doi:10.1136/bmj.c6224
PMCID: PMC2992109  PMID: 21109577
24.  Integrated motivational interviewing and cognitive behavioural therapy for people with psychosis and comorbid substance misuse: randomised controlled trial 
Objectives To evaluate the effectiveness of integrated motivational interviewing and cognitive behavioural therapy in addition to standard care for patients with psychosis and a comorbid substance use problem.
Design Two centre, open, rater blind randomised controlled trial.
Setting Secondary care in the United Kingdom.
Participants 327 patients with a clinical diagnosis of schizophrenia, schizophreniform disorder, or schizoaffective disorder and a diagnosis of dependence on or misuse of drugs, alcohol, or both according to the Diagnostic and Statistical Manual of Mental Disorders, fourth edition.
Intervention The intervention was integrated motivational interviewing and cognitive behavioural therapy plus standard care, which was compared with standard care alone. Phase one of therapy—“motivation building”—concerns engaging the patient, then exploring and resolving ambivalence for change in substance use. Phase two—“action”—supports and facilitates change using cognitive behavioural approaches. Up to 26 therapy sessions were delivered over one year.
Main outcome measures The primary outcome was death from any cause or admission to hospital in the 12 months after completion of therapy. Secondary outcomes were frequency and amount of substance use (assessed using the timeline followback method), readiness to change, perceived negative consequences of use, psychotic symptom ratings, number and duration of relapses, and global assessment of functioning and deliberate self harm at 12 and 24 months, with additional timeline followback assessments at 6 and 18 months. Analysis was by intention to treat and robust treatment effect estimates were produced.
Results 327 participants were randomly allocated to either the intervention (n=164) or treatment as usual (n=163). At 24 months, 326 (99.7%) were assessed on the primary outcome and 246 (75.2%) on the main secondary outcomes. Treatment had no beneficial effect on hospital admissions or death during follow-up, with 23.3% (38/163) of the therapy group and 20.2% (33/163) of controls deceased or admitted (adjusted odds ratio 1.16, 95% confidence interval 0.68 to 1.99; P=0.579). Therapy had no effect on the frequency of substance use or the perceived negative consequences of misuse, but did have a statistically significant effect on amount used per substance using day (adjusted ORs for main substance 1.50, 95% CI 1.08 to 2.09; P=0.016; and all substances 1.48, 95% CI 1.07 to 2.05; P=0.017). Treatment had a statistically significant effect on readiness to change use at 12 months (adjusted OR 2.05, 95% CI 1.26 to 3.31; P=0.004) that was not maintained at 24 months (0.78, 95% CI 0.48 to 1.28; P=0.320). There were no effects of treatment on clinical outcomes such as relapses, psychotic symptoms, functioning, and self harm.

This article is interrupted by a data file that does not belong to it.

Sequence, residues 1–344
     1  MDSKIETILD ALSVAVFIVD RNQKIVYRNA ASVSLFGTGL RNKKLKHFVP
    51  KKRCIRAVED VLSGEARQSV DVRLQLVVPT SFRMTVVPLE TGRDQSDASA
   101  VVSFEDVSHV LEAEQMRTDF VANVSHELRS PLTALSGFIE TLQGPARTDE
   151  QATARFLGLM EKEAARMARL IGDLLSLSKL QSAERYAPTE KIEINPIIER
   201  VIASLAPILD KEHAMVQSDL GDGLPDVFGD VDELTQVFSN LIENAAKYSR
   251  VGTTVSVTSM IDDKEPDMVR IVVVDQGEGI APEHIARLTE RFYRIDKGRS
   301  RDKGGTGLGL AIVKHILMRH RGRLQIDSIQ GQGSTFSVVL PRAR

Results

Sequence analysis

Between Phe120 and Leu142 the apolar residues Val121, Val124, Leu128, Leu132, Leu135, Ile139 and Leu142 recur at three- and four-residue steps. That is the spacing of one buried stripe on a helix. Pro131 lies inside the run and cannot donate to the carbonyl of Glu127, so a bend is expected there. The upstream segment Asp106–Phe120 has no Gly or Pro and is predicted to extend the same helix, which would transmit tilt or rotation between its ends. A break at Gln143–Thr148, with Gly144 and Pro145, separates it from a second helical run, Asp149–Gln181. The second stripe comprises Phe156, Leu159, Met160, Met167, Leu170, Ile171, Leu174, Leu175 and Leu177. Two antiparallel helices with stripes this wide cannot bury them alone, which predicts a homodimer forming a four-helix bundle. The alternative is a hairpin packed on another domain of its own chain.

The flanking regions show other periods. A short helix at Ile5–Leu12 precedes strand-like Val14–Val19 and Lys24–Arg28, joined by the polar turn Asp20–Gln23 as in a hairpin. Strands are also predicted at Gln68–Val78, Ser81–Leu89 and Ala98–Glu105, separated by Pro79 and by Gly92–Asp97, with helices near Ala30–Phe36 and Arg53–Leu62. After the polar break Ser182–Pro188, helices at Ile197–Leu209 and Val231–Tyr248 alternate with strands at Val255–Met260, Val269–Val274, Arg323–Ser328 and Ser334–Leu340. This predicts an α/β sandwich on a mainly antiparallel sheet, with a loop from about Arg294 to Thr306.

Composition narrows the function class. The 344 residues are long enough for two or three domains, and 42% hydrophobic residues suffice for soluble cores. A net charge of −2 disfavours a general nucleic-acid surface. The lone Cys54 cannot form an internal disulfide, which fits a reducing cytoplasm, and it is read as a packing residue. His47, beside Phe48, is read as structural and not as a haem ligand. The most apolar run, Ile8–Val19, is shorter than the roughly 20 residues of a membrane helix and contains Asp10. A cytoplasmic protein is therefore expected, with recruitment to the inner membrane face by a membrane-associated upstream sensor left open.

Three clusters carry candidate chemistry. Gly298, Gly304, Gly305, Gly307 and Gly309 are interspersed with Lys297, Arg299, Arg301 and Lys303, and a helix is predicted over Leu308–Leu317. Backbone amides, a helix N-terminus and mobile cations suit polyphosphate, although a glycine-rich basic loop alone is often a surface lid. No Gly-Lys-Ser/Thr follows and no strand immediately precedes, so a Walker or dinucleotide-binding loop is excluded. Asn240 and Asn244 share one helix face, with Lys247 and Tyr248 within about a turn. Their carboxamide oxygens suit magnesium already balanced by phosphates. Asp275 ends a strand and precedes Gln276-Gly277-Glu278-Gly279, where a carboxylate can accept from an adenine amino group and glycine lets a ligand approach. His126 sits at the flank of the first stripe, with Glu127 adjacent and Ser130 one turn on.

Conclusions Integrated motivational interviewing and cognitive behavioural therapy for people with psychosis and substance misuse do not improve outcome in terms of hospitalisation, symptom outcomes, or functioning. This approach does reduce the amount of substance used for at least one year after completion of therapy.
Trial registration Current Controlled Trials: ISRCTN14404480.
doi:10.1136/bmj.c6325
PMCID: PMC2991241  PMID: 21106618
25.  Effect of retirement on major chronic conditions and fatigue: French GAZEL occupational cohort study 
Objectives To determine, using longitudinal analyses, if retirement is followed by a change in the risk of incident chronic diseases, depressive symptoms, and fatigue.
Design Prospective study with repeat measures from 7 years before to 7 years after retirement.
Setting Large French occupational cohort (the GAZEL study), 1989-2007.
Participants 11 246 men and 2858 women.
Main outcome measures Respiratory disease, diabetes, coronary heart disease and stroke, mental fatigue, and physical fatigue, measured annually by self report over the 15 year observation period; depressive symptoms measured at four time points.
Results The average number of repeat measurements per participant was 12.1. Repeated measures logistic regression with generalised estimating equations showed that the cumulative prevalence of self reported respiratory disease, diabetes, and coronary heart disease and stroke increased with age, with no break in the trend around retirement. In contrast, retirement was associated with a substantial decrease in the prevalence of both mental fatigue (odds ratio for fatigue one year after versus one year before retirement 0.19, 95% confidence interval 0.18 to 0.21) and physical fatigue (0.27, 0.26 to 0.30). A major decrease was also observed in depressive symptoms (0.60, 0.53 to 0.67). The decrease in fatigue around retirement was more pronounced among people with a chronic disease before retirement.
Conclusions Longitudinal modelling of repeat data showed that retirement did not change the risk of major chronic diseases but was associated with a substantial reduction in mental and physical fatigue and depressive symptoms, particularly among people with chronic diseases.
doi:10.1136/bmj.c6149
PMCID: PMC2990862  PMID: 21098617